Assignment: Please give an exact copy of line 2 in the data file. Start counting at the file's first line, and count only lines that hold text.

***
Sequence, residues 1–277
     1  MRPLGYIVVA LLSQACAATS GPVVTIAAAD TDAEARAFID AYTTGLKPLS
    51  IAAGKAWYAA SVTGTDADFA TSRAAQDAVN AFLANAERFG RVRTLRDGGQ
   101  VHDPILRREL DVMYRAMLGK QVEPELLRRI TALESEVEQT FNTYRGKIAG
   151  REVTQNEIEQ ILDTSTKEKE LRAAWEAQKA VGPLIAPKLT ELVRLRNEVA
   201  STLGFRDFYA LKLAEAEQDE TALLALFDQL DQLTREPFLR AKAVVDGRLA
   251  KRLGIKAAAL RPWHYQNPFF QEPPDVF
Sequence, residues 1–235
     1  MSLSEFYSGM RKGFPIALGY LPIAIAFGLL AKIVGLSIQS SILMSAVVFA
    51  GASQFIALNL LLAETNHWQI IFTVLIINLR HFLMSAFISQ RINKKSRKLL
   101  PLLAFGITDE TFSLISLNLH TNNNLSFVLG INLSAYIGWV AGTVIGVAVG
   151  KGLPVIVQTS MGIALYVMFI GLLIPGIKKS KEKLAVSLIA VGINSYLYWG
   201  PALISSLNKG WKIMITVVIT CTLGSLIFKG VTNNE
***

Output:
     1  MRPLGYIVVA LLSQACAATS GPVVTIAAAD TDAEARAFID AYTTGLKPLS